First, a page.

As Chinese immigrant merchants got rich on tin-mining profits so they started building homes. Though the very richest commissioned enormous mansions, a number of which survive in Phuket town today, the vast majority bought themselves eminently practical terraced shophouses at the heart of the merchant district. Phuket’s Old Town retains south Thailand’s finest examples, some of which are open to the public, but there are also intact, if less well-conserved, shophouse neighbourhoods in many other southern cities, including Ranong and Takua Pa.

Shophouse design followed a standard prototype favoured by the mixed-race Chinese–Malay (“Baba”, or “Straits Chinese”) immigrants from Melaka and other parts of the Malay Peninsula. It’s a style now widely dubbed Sino-Portuguese because Melakan architecture of the time was itself strongly influenced by the territory’s Portuguese former colonists, though it also incorporates traits from Dutch and Anglo-Indian colonial architecture. Although some features have evolved with changing fashions the basic look is still recognizably mid-nineteenth century.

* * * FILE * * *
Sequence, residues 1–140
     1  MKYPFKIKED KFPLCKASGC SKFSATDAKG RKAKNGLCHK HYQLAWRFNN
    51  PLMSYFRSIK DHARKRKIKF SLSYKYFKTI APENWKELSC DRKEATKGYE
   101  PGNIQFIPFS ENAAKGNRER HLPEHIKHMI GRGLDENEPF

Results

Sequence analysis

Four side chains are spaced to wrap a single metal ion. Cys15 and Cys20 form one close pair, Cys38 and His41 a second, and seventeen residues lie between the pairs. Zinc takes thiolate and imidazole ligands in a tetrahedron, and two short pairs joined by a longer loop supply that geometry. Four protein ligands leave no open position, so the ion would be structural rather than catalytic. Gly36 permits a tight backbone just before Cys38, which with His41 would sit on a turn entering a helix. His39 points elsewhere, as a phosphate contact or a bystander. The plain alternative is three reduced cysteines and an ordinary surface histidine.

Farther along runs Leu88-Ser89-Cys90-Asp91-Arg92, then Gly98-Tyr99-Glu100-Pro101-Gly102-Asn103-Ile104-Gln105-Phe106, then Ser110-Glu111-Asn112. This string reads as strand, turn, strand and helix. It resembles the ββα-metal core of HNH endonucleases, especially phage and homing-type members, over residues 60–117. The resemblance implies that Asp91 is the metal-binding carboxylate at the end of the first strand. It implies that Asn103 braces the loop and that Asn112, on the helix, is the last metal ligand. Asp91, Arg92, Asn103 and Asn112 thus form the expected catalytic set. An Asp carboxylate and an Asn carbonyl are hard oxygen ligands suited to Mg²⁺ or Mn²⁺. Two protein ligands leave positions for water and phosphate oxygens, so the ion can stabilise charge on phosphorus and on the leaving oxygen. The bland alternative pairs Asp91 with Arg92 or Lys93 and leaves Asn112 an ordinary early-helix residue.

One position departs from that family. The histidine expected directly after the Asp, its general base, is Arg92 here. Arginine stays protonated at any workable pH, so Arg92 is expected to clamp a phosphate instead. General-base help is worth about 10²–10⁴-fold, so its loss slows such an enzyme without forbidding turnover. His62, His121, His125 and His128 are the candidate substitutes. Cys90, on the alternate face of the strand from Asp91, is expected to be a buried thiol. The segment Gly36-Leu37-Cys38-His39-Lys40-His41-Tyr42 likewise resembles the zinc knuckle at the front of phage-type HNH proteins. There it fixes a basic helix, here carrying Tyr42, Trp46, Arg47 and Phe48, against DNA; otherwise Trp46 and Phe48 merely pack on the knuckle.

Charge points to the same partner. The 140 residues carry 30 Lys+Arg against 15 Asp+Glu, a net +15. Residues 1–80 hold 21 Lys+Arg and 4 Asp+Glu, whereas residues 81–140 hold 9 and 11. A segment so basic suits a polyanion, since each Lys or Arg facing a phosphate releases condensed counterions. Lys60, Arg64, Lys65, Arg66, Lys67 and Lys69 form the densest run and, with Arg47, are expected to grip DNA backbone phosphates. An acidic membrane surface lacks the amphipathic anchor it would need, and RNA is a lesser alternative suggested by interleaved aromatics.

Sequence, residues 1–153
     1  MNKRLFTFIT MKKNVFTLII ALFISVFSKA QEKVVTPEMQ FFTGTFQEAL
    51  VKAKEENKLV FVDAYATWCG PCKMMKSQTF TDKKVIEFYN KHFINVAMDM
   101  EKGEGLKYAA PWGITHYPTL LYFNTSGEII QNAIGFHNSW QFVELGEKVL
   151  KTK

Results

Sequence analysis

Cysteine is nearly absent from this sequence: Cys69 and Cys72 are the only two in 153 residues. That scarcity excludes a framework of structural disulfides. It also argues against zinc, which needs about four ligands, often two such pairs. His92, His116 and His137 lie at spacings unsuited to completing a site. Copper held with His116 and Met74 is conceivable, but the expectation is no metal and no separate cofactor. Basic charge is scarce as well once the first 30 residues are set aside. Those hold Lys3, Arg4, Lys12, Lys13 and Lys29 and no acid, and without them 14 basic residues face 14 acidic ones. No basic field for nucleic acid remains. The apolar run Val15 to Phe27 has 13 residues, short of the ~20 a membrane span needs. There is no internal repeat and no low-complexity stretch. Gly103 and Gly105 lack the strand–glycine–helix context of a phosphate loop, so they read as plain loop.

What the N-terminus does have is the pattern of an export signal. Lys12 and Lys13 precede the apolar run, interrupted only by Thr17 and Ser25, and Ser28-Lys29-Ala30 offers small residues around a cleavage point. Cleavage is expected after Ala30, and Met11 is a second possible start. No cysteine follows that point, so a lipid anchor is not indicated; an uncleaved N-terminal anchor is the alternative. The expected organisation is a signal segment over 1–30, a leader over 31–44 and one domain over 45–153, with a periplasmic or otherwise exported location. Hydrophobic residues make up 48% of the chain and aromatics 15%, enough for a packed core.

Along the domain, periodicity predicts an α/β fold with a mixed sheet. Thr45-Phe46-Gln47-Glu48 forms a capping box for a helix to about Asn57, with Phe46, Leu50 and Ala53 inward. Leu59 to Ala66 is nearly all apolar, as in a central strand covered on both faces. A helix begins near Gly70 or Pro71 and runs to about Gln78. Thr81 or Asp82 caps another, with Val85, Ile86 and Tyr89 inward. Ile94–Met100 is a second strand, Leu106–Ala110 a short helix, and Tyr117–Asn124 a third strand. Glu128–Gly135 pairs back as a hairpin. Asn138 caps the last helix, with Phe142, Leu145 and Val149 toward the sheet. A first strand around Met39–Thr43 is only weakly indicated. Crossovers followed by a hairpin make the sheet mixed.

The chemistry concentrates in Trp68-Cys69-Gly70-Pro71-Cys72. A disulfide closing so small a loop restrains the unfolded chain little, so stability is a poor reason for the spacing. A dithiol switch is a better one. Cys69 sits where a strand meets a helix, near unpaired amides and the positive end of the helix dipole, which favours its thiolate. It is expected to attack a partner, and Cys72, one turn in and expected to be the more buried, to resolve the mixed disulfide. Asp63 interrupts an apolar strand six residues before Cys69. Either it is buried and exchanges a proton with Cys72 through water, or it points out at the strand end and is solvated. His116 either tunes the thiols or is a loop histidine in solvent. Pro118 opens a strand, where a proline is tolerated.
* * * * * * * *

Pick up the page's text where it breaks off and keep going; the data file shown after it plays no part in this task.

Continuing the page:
Because streetside space was at a premium, shophouses were always long and thin, with narrow frontages, recessed entrances and connecting porches that linked up all the way down the block to make shady, arched colonnades known as five-foot walkways, ideal for pedestrians and shoppers. The front room was (and often still is) the business premises, leaving the rest of the two- or three-storey building for living. A light well behind the front room encouraged natural ventilation and sometimes fed a small courtyard garden at its base, and the household shrine would always occupy a prominent and auspicious position. Outside, the hallmark features that make the neighbourhoods so striking today include pastel-painted louvred windows that might be arched or rectangular and perhaps topped by a pretty glass fantail, lacquered and inlaid wooden doors, fancy gold-leaf fretwork, detailed stucco mouldings and perhaps Neoclassical pilasters.

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